Foreign nationals venturing in the Indian business market for the first time may report a bewildering experience. There are lots of different business customs and bureaucracies that hinder the ease of doing business. As the second-most populous nation in the world, and with more than one billion people, India is projected to be one of the world’s biggest economies in coming decades.
Experts say it’s business practices are entirely different from those of the west. To succeed in the Indian market, products need to be specifically tailored to the local customer. You can not have a successful towing service business in the United States and introduce the same in India while expecting similar success if whatever you are offering is not tailored for the local Market.
Indian Business Practices
Business practices are a bit different when compared to those of the west. Many foreign companies underestimate the bureaucratic hurdles that they face. Business registration has always been a primary concern and a big hassle for entrepreneurs who are looking to set their businesses in India. It is no wonder this country is ranks position 142 in the ease of doing business, out of the possible 158 positions.
The Ministry of Corporate Affairs introduced a new INC-29, which is a five-in-one form that will help in improving the ease of doing business in India. Regardless, the form does not replace the old procedure, but it significantly reduces the interaction with authorities, thus saving a valuable amount of time wasted on back and forth.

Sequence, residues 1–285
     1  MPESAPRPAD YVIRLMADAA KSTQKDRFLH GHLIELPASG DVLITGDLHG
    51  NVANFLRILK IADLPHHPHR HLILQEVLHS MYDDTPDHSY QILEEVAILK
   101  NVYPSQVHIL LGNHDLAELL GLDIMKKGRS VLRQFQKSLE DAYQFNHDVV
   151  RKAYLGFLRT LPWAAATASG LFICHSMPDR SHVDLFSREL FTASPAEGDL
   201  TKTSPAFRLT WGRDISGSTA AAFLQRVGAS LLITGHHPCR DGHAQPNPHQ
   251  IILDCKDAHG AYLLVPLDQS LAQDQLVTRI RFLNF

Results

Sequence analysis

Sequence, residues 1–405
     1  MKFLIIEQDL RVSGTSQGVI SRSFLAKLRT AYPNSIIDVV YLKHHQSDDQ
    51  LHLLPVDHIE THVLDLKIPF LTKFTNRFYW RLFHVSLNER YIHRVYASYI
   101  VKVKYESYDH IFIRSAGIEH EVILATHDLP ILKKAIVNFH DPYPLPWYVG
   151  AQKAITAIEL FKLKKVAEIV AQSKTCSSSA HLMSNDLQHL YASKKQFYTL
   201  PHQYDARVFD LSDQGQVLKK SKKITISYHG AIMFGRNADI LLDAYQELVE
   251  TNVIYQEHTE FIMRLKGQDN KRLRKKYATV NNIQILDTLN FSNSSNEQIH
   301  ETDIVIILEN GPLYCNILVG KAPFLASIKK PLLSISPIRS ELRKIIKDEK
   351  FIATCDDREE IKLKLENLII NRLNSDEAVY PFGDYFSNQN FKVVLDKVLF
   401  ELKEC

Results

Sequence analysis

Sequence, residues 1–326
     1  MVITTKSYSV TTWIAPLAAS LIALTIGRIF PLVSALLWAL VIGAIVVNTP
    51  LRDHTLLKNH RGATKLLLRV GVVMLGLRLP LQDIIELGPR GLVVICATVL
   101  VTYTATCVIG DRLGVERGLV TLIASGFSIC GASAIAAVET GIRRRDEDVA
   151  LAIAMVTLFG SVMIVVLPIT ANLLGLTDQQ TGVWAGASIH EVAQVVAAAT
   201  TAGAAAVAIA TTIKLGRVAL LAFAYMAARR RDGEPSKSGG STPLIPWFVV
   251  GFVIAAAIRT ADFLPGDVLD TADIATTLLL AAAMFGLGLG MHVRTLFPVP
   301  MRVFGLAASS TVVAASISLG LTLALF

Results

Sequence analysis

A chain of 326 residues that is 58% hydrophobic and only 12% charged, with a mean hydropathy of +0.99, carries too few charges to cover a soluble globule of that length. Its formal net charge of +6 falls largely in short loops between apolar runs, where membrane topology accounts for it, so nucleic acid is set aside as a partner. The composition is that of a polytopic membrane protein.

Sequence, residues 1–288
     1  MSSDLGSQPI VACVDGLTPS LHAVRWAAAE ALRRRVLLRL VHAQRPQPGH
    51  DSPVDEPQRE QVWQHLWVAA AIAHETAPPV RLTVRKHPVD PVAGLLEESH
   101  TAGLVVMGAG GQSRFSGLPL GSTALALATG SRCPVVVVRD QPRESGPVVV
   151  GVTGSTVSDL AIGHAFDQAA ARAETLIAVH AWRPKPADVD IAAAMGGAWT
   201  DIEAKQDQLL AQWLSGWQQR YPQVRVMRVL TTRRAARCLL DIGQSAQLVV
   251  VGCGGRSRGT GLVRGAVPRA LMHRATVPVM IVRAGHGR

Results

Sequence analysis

Business Culture in India
Having a good understanding of the underlying values, assumptions, and beliefs of the Indian culture, and the influences these play in the market and workforce will go a long way towards determining success or failure of business. India is a diverse and vast nation with different identities, cultures, languages, and religions. It is challenging to generalize about the Indian culture.
To succeed in India, you need to have a flexible approach guided by introduction and greetings. Etiquette requires a handshake, although Indians may use a common technique of pressing palms together with fingers pointing up. When entering a business meeting, always greet the most senior members first. When exchanging business cards, ensure that you receive back with your right hand and do so respectfully.
Concerning business language and communication, English is widely used and is one of the official languages. Indians have a particular difficulty of saying ‘no’ as it might be seen to be offensive. Instead, they prefer making statements such as ‘will see’ or ‘will try’, as an indication for ‘no’.